Downtown streetscape work to begin in Ashland
A major downtown Ashland revitalization project has gotten the go-ahead.
Town Council approved Tuesday night moving forward with a long-awaited streetscape and infrastructure improvement project targeting the blocks north and south of Thompson Street on the west side of the train tracks.
Nora Amos, director of planning and community development, and Councilman James Foley speak during a July 31 tour of the downtown area slated for improvements.
The total proposed budget for the project is $600,000, Ingrid Stenbjorn, town engineer, told Town Council Tuesday. That figure is $20,000 below an estimate presented by Mike Davis, director of public works, during a July 31 work session at Town Hall, and could drop further pending final numbers on some parts of the project that will have to go through the bidding process.
Funding is being provided by local sources alongside money the town gets from the state for road maintenance. According to Stenbjorn, approximately 75 percent of the project is eligible for state funding.
The project budget contains a 25 percent contingency to cover the unexpected. Stenbjorn said that issues often arise during projects in older areas of town. Ashland’s contractor Talley and Armstrong ran into similar issues during an infrastructure project in College Park where they are currently still completing improvements.
The town had already set aside $746,000 of funding in a Capital Projects Fund account for downtown sidewalks and another for sidewalks, curbs and gutters.
The town will also eat into its annual $15,000 paving budget for the project.
The project entails improving the appearance and functionality of the downtown Railroad Avenue/Center Street corridor. Improvements include installing pervious pavers, similar to those used in the downtown municipal parking lot, to capture stormwater runoff and solve occasional flooding problems in the area.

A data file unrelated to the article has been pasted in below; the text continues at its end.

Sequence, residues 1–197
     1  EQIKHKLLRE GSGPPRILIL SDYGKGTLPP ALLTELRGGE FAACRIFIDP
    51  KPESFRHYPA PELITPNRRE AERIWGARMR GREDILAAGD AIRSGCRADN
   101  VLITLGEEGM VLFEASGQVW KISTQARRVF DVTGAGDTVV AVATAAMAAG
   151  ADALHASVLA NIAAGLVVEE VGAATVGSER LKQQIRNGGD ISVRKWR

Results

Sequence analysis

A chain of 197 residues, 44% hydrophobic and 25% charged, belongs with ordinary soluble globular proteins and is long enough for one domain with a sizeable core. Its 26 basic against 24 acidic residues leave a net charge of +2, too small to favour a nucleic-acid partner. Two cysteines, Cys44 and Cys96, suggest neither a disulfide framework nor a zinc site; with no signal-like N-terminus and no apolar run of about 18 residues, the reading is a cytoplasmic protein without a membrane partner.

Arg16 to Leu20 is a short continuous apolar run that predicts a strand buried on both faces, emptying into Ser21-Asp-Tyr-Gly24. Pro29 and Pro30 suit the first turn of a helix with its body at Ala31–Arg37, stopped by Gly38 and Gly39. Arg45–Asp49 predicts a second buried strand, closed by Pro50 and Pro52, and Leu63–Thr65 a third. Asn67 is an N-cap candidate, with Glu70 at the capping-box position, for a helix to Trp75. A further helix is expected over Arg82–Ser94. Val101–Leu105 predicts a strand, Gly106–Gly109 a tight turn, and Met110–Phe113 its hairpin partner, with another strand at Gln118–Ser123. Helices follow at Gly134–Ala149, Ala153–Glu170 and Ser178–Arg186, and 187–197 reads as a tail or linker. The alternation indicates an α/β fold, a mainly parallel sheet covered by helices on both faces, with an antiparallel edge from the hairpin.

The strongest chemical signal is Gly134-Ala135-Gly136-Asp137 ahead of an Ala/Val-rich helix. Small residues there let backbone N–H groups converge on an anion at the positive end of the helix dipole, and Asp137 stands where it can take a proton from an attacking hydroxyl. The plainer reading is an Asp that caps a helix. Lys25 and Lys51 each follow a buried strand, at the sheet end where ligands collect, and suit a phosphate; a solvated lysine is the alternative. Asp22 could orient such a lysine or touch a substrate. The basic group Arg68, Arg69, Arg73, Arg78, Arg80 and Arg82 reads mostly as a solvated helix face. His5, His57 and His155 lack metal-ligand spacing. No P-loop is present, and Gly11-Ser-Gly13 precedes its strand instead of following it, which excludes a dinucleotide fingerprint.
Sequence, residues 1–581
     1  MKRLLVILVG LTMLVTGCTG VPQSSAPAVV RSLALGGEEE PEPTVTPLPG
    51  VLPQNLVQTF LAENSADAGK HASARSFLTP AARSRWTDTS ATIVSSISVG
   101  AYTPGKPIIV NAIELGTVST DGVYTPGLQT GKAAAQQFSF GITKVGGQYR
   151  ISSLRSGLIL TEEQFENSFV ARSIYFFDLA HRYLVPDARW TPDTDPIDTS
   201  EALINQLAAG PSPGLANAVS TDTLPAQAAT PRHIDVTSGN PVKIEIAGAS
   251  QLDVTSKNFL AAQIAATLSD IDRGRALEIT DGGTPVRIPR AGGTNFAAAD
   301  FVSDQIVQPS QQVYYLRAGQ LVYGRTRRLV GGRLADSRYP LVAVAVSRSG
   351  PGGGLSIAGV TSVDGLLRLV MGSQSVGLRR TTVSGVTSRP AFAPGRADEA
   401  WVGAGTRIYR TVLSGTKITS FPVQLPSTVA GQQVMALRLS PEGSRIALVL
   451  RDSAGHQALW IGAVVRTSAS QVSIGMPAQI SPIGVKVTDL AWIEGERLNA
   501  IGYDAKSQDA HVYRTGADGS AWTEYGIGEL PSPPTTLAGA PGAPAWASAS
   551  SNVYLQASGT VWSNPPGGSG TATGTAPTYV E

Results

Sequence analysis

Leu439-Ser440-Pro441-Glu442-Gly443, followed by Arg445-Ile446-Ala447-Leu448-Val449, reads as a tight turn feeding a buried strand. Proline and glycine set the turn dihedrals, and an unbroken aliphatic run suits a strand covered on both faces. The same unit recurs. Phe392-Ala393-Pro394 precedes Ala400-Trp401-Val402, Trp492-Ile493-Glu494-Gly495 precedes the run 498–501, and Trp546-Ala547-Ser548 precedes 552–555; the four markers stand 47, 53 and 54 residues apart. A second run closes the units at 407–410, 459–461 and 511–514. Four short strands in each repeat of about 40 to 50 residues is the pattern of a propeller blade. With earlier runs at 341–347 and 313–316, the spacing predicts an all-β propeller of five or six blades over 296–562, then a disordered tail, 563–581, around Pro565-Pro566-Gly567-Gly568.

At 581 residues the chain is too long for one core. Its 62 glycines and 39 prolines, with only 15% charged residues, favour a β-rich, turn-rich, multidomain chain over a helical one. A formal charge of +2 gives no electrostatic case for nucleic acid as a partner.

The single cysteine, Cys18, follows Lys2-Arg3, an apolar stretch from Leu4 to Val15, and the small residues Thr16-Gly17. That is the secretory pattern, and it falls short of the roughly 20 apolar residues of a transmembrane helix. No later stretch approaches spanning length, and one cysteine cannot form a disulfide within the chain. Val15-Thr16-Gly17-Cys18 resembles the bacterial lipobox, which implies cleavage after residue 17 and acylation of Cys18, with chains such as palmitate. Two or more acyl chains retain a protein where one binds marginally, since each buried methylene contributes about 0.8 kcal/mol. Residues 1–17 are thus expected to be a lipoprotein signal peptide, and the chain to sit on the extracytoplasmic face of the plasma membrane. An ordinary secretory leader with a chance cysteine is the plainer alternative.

Termed “low impact design” features, the pervious pavers along with vegetative areas to absorb stormwater help give the town a head start on new environmental mandates aimed at reducing urban runoff.
In addition to “green” infrastructure, the project also entails laying new sidewalks, curbs and gutters, lighting, and landscape improvements throughout the area.
Work on the project is expected to begin in the next couple weeks. Crews will soon be onsite on the north side of Route 54, where they will begin drainage and streetscape improvements.
The town hopes to be able to begin the first phase of construction as soon as possible so that work can conclude before the holiday season.
“As we get into the holidays…we don’t want to negatively impact the businesses by having all of their frontage torn up,” Davis said July 31.
Work will resume in January on the south side of Thompson Street.
Once the project begins to move forward, Town Manager Charles Hartgrove told Council July 31 that staff plans to meet with business owners to keep them apprised of how the ongoing project will affect them.
“If and when we receive Council approval to move forward, we’ve got a lot of work still to do talking to people,” he said.